The text of a very personal straight from the heart speech given by David Cunliffe today to Labour Youth.
You know, becoming the leader of a political party is a bit like becoming a first-time parent.
Children are like pirated software: they don’t come with a manual. Neither do political parties.
As a parent, nothing can prepare you for it. There is so much to learn. Like – How many times a day do you feed or change your baby? How hot do you make your baby’s bottle? How many blankets do babies need on a cold day? What do you do when your baby gets sick, cries, laughs?
As leader of a political party, you also learn on-the-job – and that sometimes occurs on TV! You don’t get everything right; you don’t know it all; you have to deal with random events that occur with little warning and over which you have limited control.
Both roles are hard work and have enormous challenges. But in the end, what really matters is your passion and commitment and love for what you are doing and who you are doing it for. That is what sustains you and remains unwavering regardless.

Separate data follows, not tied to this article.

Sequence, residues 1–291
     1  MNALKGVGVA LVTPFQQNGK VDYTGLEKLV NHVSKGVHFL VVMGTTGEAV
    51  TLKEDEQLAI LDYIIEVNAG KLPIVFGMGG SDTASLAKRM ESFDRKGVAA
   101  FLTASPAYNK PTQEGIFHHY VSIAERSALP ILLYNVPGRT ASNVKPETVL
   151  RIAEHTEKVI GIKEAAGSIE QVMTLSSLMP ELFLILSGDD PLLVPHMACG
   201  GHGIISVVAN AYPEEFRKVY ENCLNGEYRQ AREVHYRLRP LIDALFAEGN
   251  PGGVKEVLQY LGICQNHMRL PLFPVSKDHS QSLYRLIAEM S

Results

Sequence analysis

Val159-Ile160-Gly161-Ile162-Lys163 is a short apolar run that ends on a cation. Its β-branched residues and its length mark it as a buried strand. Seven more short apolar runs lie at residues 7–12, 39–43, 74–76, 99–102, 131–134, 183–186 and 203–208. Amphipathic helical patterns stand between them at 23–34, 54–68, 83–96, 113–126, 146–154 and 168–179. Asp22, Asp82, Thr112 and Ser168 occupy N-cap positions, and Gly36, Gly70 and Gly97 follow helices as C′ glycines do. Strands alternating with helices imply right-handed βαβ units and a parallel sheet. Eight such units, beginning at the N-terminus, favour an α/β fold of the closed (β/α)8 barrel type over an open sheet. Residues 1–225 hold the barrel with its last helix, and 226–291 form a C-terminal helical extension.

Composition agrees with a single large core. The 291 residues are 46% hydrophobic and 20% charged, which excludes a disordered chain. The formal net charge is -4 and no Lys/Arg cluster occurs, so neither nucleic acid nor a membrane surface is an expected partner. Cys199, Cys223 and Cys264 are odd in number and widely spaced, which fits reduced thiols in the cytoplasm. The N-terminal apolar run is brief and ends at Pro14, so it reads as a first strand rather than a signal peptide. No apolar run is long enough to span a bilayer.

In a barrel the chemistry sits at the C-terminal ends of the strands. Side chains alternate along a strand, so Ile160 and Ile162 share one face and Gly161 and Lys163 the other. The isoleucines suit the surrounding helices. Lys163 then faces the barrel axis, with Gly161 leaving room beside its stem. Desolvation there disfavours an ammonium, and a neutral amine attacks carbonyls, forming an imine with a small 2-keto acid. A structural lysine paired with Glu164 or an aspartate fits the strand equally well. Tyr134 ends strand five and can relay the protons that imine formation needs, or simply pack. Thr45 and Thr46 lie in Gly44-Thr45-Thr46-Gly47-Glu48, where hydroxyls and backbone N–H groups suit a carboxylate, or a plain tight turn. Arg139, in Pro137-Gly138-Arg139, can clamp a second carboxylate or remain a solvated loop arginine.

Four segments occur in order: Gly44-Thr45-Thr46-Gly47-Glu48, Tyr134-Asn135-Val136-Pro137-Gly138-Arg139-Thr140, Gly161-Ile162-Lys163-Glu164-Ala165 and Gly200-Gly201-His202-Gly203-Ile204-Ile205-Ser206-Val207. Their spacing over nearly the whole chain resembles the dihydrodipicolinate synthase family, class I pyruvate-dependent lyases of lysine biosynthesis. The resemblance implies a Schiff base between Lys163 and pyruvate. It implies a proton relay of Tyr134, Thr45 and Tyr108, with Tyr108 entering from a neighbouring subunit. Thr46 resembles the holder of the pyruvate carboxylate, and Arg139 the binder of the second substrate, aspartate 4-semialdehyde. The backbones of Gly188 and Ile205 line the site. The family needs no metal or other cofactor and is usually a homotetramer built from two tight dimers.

In this room, we have a common passion and commitment for the New Zealand Labour Party.
It is strong and unwavering and resolute.
Despite the knockers and the critics, the pundits and the commentators, and all those people who try to pull us apart and try to bring us down.
The Labour movement is founded on great values and a sense of history.
Our party is a broad church, but we are one church.
We are diverse, but we are one team with one mission and one unity of purpose.
We speak to the vulnerable, and to hard working middle New Zealand, because we are passsionate about people. All our people.